In terms of height, depending on wind velocity, the UAV may have to climb as high as 80’ to find clean air above an obstacle. yet at 80′ AGL, the winds are likely entirely different as well, depending on the weather and other obstacles in the area.

The air goes over the obstacle and is “pulled” to the ground (downdraft), where it then “bounces” upward (updraft) and tries to resume its level flow.

These phenomena are entirely independent of  sinks,thermal rises, dust devils, and the like.

This also occurs in natural/unbuilt up areas. Trees, canyons, ridges, rock-lines; any large object will incur rotors. Avoid them. It’s virtually impossible to determine exactly where the down draft vs. the updraft may be occurring, and the location of these dirty winds will change with swind velocity.

Understanding-Turbulence-3

FLYING IN URBAN ENVIRONMENTS

When wind flows between buildings, the mass of the air/gas is compressed. This results in an increase in velocity. Think of squeezing hard on a tube of toothpaste, compressing the contents through the tiny hole in the end of the tube. This increases the speed/velocity at which the toothpaste squeezes out. The same thing occurs with moving air between buildings or other solid objects.

Depending on the wind speed, the increase may require as much as 4-10 times the distance before the winds return to “normal” velocity seen before the gap or corner.

Image result for Wind
Image courtesy of Rheologic

Ground winds and winds “aloft” (true winds aloft are beyond the reach of most UAS operations) are rarely equal. Winds at 50′ are rarely the same as winds at ground level in an urban or suburban environment.  Even small berms in the ground can cause jarring turbulence (as shown above) that settle in the low areas. These urban “microclimates” can be very problematic for light weight UAS in required-precision environments.

Turbulence

Here is a more complex example of winds blowing at 22mph in an urban environment.

Complex Winds.JPG

complex winds 2

Compression of the flow due to building dynamics push the wind into more than 40mph in some areas. While the overall winds, and reported winds in the area suggest that the windspeed is perfectly acceptable for most commercial aircraft, turbulence and accelerated velocities within tight areas are far beyond the risk limits of most small UAS’.

Flying from warm sands to flying over water on a hot summer day may also create challenges to smooth and level flight.

DUST DEVILSImage result for dust devil

Dust devils are summertime phenomena that can be very dangerous to humans anywhere a UAS may be flying. If they happen in a city, there is usually ample evidence of their existence, as debris flies high in the “funnel.” These nasty actors can show up anywhere there is hot asphalt, sand, dirt, and if that mass of rapidly moving air connects with a cool surface, they can turn violent very quickly, slinging a sUAS far from its intended flight path.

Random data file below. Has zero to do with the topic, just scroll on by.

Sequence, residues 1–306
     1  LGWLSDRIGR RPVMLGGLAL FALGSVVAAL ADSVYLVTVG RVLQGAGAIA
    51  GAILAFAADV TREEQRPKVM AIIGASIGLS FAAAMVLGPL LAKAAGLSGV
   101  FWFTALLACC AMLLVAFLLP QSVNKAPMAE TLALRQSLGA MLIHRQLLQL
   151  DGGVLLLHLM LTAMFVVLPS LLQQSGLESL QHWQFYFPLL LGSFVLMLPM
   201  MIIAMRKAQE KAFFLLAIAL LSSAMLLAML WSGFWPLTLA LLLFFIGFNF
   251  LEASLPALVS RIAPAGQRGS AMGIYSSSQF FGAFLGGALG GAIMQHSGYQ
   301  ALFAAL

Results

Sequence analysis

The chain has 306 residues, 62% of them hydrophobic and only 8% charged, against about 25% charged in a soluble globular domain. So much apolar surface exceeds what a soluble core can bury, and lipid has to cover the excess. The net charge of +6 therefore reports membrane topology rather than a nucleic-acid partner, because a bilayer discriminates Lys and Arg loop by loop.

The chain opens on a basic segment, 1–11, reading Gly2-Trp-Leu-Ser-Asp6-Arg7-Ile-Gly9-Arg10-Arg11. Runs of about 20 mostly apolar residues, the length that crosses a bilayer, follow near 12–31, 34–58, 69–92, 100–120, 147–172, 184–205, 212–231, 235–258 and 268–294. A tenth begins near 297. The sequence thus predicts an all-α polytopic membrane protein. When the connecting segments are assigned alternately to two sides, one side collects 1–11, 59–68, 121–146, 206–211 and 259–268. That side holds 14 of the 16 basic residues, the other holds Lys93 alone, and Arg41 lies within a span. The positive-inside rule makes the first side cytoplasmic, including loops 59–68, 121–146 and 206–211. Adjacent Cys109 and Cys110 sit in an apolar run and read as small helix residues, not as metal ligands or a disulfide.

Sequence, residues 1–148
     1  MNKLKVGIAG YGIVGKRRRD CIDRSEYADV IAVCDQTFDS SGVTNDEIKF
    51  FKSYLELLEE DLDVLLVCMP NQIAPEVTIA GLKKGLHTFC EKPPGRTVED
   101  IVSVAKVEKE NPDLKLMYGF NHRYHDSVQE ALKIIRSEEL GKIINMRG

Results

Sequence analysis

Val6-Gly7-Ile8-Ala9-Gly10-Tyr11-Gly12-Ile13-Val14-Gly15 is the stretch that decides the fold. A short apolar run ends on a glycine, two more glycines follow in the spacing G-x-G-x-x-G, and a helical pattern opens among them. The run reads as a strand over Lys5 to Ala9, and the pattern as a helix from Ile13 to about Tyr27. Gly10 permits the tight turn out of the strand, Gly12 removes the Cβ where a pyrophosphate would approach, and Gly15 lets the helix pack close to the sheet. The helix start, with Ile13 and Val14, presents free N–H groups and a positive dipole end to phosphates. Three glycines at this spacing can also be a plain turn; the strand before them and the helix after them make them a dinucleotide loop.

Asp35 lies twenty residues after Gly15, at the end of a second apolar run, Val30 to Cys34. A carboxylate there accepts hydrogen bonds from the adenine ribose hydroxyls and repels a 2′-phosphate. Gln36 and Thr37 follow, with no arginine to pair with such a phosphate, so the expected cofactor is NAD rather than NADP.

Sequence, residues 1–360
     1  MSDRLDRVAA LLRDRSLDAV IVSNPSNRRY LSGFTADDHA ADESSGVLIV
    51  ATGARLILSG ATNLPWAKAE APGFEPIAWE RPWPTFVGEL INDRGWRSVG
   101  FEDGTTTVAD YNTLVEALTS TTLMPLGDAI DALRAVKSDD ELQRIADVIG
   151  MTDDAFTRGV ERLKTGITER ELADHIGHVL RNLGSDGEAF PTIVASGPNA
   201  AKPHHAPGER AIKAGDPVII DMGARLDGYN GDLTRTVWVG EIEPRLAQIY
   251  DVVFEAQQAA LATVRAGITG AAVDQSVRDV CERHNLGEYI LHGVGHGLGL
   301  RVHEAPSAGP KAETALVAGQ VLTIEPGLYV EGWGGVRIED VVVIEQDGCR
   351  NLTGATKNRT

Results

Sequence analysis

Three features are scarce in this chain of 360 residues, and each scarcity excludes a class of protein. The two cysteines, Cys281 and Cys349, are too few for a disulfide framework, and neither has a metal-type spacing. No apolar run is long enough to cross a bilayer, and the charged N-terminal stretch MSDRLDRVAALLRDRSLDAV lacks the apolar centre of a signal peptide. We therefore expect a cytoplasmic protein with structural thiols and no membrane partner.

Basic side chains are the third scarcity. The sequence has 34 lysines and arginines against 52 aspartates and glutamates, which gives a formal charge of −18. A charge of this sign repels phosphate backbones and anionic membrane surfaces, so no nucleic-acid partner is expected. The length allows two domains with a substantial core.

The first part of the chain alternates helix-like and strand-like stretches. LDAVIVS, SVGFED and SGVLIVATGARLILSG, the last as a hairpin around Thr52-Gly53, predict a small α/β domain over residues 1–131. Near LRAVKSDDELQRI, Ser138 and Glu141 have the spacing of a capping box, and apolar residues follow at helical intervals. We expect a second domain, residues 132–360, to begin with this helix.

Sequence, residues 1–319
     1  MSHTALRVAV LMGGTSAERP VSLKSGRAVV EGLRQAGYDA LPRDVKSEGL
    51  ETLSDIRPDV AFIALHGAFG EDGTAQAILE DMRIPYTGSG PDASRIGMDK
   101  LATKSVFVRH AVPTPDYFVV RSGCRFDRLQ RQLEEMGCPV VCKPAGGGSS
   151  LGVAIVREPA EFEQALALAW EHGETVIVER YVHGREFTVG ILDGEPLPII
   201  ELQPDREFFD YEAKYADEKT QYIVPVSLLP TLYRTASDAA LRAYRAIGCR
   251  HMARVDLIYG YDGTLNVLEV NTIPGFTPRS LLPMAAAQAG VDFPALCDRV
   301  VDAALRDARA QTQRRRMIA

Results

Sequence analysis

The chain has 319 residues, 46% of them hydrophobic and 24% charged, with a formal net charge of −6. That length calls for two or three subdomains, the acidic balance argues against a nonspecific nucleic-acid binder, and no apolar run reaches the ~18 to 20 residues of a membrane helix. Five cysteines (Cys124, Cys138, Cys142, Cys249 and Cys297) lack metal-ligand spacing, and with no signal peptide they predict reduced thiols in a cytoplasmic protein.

Image result for dust devil Image result for dust devil

Dust devils in the Nevada desert can be frightening, especially when two or three combine into one vortex.

If by chance a dust devil is seen climbing in the distance, prepare to bring the aircraft home and land. If the dust devil is anywhere near the vehicle, climb in altitude while moving in any direction away from the dust devil. They are usually very short-lived.

Image result for dust devilImage courtesy Washington Post

How do we avoid getting caught in turbulent air? The long answer is “experience.” Flying in these challenging spaces teaches us to find the lee, based on the behavior of the UAS, which will always be slightly latent to the wind.
The short answer is to study environments. Look at the wind indicators that might normally be missed.  Learn to read the environment; it’s not hard once one begins to look for the details around buildings, trees, brush, monuments, chimneys, and other ground obstacles.

Two standard practices that may save pilots from troubles;

  • Always use a windmeter/anemometer, and check the winds frequently in midday flights.
  • Have a corporate or personal policy of a hard-deck/stop speed.  This eliminates wishy-washy/should I/shouldn’t I decisions in the field.  Our cap for teaching students with a Hexcopter/Yuneec Typhoon H is 16mph. If a gust crosses 16, we immediately stop, and wait it out to determine the wind trendline.

Another practice (although not standard) is to put a 5′ stream of crepe’ paper on a stick at eye level or so. This WDI, or Wind Direction Indicator, will immediately demonstrate changes in windspeed or direction, both clues that the weather may be rapidly shifting.

Determine distances from obstacles as accurately as possible prior to flight in order to best understand where the rotors will occur.  Doing so goes a long way to maintaining control and safety when the drone is in flight. With a bit of experience, one rarely needs to worry about obstacle turbulence.

Happy flights!
~dse